There’s a piece on page 1 of today’s Wall Street Journal about e-book sticker shock, another good job by the Journal’s book-beat reporter Jeff Trachtenberg. I’ve been railing about this issue ever since Apple persuaded the six major publishers to disallow any discounting by retailers on e-books. As Mr. Trachtenberg points out, this restriction doesn’t apply to print books, so you have the increasingly common phenomenon of e-editions equaling, and even surpassing, the discounted print edition at retailers like Amazon.com. In at least one instance (emphasis on “at least”), Ken Follett’s doorstop FALL OF GIANTS, the publisher’s e-book price is $18.99 – but the paperback edition can be bought new for $16.50.
Let’s re-emphasize what’s actually going on here. The major players in an industry which faces massive headwinds, book publishing, are deliberately overpricing their most promising and fastest-growing revenue stream, specifically to dampen e-demand and reduce “cannibalization” of “higher-margin” hardcover and trade paperback editions. Mr. Trachtenberg points out that under the “retail model,” by which Amazon was charging $9.99 for new e-bestsellers, it was the retailer who took the loss; the author and publisher still received roughly half of the full hardcover price. But under the current “agency model,” the publisher retains 70% of an e-book price which it alone can set, and the retailer gets the rest. No more “loss leaders,” and essentially no more $9.99 bestsellers.
But look closer at the Follett. Dutton’s suggested retail price for this 985-page tome in hardcover is $36. Under the “retail model,” it collected $18 per e-copy, just as it did for a hardcover, and Amazon could give it away if they liked. Of course, that’s no way to run a business: “How do we do it? Volume!” What Amazon was trying to do was to jump-start a nonexistent e-book market and worry about coaxing it into profitability later; they’ve always been forward-thinking in that way. But under the “agency model,” Dutton gets 70% of $18.99, the highest price I’ve encountered for a commercial trade e-book, which is $13.30 per e-copy, and all retailers receive the same $5.70 (I rounded both numbers to the next penny). $13.30 — and remember, this is the absolute Beluga of e-pricing — is $4.70 less than $18. But who’s counting?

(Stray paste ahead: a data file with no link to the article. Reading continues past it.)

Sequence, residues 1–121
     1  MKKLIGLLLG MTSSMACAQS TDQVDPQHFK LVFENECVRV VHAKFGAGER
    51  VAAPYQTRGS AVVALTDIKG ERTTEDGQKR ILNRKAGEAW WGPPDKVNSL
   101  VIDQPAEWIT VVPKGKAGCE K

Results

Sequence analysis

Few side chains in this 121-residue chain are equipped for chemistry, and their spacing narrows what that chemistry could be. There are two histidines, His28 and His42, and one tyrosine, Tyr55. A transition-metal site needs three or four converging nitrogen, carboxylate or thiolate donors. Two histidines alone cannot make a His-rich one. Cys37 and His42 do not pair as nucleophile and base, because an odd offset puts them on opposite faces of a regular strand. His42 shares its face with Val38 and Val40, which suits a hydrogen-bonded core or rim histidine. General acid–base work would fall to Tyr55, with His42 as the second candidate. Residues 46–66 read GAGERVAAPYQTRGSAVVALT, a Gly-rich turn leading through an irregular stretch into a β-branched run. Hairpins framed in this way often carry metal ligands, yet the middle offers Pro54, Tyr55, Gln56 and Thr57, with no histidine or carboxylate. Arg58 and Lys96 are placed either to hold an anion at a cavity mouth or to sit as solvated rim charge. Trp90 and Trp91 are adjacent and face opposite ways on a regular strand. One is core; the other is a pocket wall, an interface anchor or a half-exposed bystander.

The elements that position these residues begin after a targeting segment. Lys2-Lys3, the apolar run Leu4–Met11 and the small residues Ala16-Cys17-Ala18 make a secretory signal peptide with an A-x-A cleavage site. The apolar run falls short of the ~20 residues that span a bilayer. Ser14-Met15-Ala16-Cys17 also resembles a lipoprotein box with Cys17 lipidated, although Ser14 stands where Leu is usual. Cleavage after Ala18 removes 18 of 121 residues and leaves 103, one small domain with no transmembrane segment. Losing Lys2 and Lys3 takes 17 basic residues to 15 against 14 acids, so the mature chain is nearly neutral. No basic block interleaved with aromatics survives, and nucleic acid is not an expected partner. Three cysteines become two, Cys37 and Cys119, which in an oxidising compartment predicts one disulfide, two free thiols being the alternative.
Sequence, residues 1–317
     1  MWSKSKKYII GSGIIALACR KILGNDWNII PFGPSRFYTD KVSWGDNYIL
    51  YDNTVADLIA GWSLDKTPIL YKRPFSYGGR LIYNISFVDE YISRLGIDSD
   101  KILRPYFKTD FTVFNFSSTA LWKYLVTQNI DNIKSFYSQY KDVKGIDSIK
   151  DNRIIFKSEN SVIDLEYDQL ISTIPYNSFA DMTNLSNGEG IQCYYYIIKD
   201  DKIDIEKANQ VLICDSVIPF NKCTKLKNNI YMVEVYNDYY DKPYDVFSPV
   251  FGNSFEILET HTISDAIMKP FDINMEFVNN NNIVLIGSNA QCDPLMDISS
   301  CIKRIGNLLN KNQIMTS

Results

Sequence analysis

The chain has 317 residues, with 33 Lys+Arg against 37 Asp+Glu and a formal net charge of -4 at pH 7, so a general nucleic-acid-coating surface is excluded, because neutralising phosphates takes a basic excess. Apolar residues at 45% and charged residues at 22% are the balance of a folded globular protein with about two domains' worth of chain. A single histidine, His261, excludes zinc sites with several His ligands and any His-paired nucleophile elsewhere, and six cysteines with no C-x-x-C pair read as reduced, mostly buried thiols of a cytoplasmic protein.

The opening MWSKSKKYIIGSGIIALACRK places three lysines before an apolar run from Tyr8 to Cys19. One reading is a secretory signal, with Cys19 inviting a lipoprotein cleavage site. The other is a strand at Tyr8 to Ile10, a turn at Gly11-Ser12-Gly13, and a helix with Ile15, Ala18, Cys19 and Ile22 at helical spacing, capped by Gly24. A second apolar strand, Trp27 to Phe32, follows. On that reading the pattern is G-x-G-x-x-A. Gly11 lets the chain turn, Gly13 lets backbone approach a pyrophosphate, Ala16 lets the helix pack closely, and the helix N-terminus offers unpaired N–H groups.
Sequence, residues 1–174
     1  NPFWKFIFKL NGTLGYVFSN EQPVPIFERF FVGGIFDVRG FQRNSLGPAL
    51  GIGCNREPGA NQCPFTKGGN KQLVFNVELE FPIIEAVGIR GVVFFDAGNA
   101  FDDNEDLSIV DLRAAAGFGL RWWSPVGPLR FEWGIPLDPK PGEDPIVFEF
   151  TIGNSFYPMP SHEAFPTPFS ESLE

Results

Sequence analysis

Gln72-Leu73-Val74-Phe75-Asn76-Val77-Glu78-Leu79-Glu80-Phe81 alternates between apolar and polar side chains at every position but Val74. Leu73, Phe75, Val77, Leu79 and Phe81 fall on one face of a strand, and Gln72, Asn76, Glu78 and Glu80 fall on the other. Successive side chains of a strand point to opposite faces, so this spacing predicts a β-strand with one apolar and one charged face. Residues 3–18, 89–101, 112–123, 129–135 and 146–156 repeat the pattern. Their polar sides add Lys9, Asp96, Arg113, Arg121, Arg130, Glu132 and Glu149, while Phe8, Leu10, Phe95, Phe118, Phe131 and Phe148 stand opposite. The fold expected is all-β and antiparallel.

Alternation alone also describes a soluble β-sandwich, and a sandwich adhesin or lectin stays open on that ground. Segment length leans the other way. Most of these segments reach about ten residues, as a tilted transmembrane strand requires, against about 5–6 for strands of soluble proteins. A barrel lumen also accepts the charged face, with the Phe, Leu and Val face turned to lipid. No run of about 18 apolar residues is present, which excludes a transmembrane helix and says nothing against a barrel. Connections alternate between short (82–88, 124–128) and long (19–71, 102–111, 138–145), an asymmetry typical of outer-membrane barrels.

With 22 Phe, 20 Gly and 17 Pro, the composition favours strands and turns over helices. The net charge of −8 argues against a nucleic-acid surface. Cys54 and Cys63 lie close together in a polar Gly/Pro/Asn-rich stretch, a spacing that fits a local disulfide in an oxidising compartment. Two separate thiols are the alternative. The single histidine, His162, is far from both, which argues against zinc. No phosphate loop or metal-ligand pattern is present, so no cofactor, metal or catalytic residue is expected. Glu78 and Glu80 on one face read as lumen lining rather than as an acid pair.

My point exactly.
Now let’s consider Apple’s motives. It’s a wonderful company, but it’s no less ruthless just because its antagonizer-in-chief has passed away. When Apple was the “first mover” in digital music, it used the leverage of its huge installed iPod base to oppose the big record labels by dampening the retail price from $15-$16 for a whole CD to 99 cents for an individual song (boy, that price rings a bell. And it’s increased since then, too). But in e-books, Apple found itself, uncharacteristically, in Amazon’s wake (Steve Jobs had infamously sniffed at the Kindle’s launch: “People don’t read any more”). So now what it had to do was eliminate Amazon’s price advantage – and, amazingly, in a reversal of its effect on the music business, it succeeded in propping up the retail price of e-books! Justice is now looking into whether preventing discounting constitutes illegal collusion among the major publishers (as are European authorities), and I don’t know much about the law so can’t speculate, but it does sound fishy, and it protects retailers (guaranteed profit) at the expense of consumers (higher prices).